Allentown, NJ History
The land that is now Allentown and the surrounding area was originally populated by the Lenape Family of the Deleware Tribe of Native Americans. Their family symbol was the wild turkey. They lived along the waterway, behind The Old Mill, now known as Indian Run Creek.
The present town was founded in 1706 when Nathen Allen purchased a tract of land from his father in law. It became Allen’s Town and then Allentown. It was settled primarily by Quaker, Presbyterian and Episcopal communities. The Old York Road, connecting New York and Pennsylvania, was used as a strategic route during the Revolutionary War. Due to its position at the head of the road leading from the New Jersey Pinelands, during the year-long battle for the Delaware River, Allentown was a key location. This history can be seen at The Old Burial ground where many gravestones date back to the revolutionary war.
In 1790, John Imlay, Esq., built a stately Country Georgian mansion with 11 fireplaces. It stands proudly in the center of town and is a wonderful destination for shopping.
Fast forward to the next century; Allentown was a major depot on the Underground Railroad. Coming from Philadelphia and elsewhere, fugitive slaves were at Crosswicks staying at the Middleton Farm. Enoch Middleton, a Quaker, drove them to Allentown under the cover of night where they were protected by Geroge Middletown, a US Congressman and a member of the Middletown family, who was a resident of Allentown.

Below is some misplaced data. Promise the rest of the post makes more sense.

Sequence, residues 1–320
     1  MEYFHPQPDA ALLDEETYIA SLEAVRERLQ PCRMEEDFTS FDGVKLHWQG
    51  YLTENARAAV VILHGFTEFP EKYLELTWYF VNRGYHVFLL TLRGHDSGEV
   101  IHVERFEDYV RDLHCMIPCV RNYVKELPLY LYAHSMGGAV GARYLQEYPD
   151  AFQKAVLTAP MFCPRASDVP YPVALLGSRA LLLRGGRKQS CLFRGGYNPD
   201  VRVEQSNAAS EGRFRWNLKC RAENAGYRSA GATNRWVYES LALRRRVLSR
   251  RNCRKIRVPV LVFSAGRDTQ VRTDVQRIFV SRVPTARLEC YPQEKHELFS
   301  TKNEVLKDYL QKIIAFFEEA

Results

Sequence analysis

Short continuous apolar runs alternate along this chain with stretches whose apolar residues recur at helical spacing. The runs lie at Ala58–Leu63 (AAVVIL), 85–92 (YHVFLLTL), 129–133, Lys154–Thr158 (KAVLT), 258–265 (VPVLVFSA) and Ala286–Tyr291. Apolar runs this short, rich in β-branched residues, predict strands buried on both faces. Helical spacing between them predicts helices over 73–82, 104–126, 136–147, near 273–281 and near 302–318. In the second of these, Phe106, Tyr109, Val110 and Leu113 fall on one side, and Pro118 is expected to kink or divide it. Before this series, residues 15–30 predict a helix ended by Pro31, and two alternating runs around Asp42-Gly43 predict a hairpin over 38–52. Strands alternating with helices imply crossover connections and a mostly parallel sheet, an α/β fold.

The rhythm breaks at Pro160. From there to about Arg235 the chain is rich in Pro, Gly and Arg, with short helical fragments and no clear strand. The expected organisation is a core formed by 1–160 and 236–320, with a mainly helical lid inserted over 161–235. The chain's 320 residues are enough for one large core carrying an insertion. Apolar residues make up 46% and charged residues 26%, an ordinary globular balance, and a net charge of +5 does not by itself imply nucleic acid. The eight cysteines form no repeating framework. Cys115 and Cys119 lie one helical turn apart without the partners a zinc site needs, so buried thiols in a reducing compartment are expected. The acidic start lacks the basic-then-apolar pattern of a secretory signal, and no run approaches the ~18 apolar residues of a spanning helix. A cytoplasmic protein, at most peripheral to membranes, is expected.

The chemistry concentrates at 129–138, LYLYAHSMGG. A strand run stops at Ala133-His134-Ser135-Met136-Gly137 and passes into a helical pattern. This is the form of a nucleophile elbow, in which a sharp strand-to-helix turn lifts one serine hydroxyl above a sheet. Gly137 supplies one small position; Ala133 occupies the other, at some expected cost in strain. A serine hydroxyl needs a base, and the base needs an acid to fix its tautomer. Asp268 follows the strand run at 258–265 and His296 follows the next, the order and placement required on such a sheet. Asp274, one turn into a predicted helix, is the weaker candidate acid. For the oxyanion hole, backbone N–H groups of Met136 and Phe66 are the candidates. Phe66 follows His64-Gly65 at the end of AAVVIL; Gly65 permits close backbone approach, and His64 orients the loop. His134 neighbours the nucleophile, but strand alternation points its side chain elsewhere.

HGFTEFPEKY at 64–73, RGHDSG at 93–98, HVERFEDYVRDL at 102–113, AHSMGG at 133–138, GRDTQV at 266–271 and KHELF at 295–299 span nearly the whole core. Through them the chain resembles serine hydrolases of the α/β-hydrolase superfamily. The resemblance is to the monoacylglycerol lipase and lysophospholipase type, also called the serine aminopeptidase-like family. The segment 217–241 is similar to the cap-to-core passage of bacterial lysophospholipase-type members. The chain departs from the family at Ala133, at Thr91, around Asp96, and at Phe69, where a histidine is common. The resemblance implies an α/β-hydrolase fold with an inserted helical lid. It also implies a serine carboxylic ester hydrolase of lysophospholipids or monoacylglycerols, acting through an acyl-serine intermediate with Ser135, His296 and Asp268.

One of the oldest continuous businesses in Allentown was the Abel Cafferty’s Gristmill build in 1855 to replace the original built in 1706. A gristmill had been in continuous operation on this site from 1713 to 1963, a span of 250 years. The Old Mill is listed on The National Register of Historic Places.
In summary, the combination of history, natural resources, architecture and quaint shops makes this historic district a destination worth the trip!
For more information on the history of Allentown, click below.